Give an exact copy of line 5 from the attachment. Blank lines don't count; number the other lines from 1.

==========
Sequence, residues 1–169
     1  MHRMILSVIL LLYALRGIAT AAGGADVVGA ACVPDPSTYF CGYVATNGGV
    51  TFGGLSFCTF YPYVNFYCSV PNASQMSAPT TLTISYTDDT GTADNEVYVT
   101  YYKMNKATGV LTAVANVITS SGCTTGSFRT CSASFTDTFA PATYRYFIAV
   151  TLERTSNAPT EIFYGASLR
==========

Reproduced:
   151  TLERTSNAPT EIFYGASLR